Playing soccer for the last 30 years and coaching for the last 10 has taught me several lessons about life. In fact, every time I step on the field to coach or play, I learn a thing or two about human behavior, psychology, and differences between achieving excellence and coming short on the day.
From the Wikipedia: "Over 24 million Americans play soccer as of 2006. There are 4.2 million players (2.5 million men and 1.7 million women) registered with U.S. Soccer. Thirty percent of American households contain someone playing soccer, a figure second only to baseball."
How many of them are going to play in the World Cup, professionally, or even college? Not a large percentage. Yet many of those millions of kids spend hours (in addition to their parents) upon hours traveling to practices and games, thinking about the game, and watching the game. Sometimes I wonder whether all of that energy spent on soccer is worth it. Then I turn the mirror on my own life and ask myself whether soccer has been worth it to me? Undeniably, the answer is yes. Here is why...
One thing I find myself telling players and something I heard myself as a player is not to get too high, or too low, depending on success or a poor result or performance. In other words, keep the mentality in the grey area and that will lead to more consistency. The same applies to my thinking about soccer and the role it has in one's life. There have been many moments when my obsessiveness about the game leads to anguish if things don't go my way.
As good as winning championships, scoring goals and playing well feels, the lows including not making a certain team, playing like shit, losing as a coach, or getting hurt and sitting on the sidelines seems to suck super hard to the point where I know I don't think I am the only who questions whether immersion in the game of soccer is even worth it. My performance as a soccer player has defined me as a person and how much joy I can extract out of life. If I played well my smile is wider, my laugh is harder, and even my ability to listen to other people improves. Seeking validation from others via soccer success and deriving self-esteem from soccer is not why we should play the game. However, it is so common and easy to fall into that trap. Like eating fast food or junk, it feels good for a little while but it ends up biting us in the ass.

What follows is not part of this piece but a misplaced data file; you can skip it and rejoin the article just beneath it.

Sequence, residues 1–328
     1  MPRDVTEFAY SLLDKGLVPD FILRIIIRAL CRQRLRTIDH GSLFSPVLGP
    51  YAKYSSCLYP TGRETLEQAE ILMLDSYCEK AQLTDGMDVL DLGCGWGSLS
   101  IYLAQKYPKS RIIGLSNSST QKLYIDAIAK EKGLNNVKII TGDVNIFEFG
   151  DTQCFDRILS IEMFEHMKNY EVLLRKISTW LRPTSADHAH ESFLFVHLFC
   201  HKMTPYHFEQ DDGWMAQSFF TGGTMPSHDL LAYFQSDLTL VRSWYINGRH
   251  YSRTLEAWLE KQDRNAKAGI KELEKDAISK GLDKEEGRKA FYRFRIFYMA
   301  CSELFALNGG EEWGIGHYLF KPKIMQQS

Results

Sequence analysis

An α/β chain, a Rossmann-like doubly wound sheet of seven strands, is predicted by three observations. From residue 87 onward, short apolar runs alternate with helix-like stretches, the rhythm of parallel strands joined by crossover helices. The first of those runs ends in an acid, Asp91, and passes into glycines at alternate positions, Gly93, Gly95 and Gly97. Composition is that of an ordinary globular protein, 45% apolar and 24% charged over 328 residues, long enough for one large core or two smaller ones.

Dependence on soccer success for overall well-being cannot be healthy. But what is the solution? To care less? I propose a different approach.
Like a lot of sports, with the high level of fitness needed to play the game the right way, the physical challenges, and even team disputes, sports offer plenty of opportunities to exhibit mental and physical toughness. I like to call it "the hardening process".
My proposal is that we should play and coach soccer BECAUSE it is hard, and shift our focus to that. The running and training is hard. Getting subbed out and not throwing a fit or butt-facing the coach is hard. The ref making a bad call and dealing with it is hard. Making mistakes and keeping it together is hard. Losing is hard. The video below really sums up what I am talking about. Basically, it is turning everything that does't work out the way we wanted it to into a positive.
It is because of the hard aspects of the game we grow as players, coaches, and people. Embracing the tougher aspects of soccer and leveraging them to grow as human beings is what it can start to be about. Less about outcomes, and more about the overall process. I think with that shift in perspective we can also enjoy each moment more instead of just wishing for things to go well. And when they do go well, we can smile without the desperation and with real appreciation knowing that either way, we would have been alright.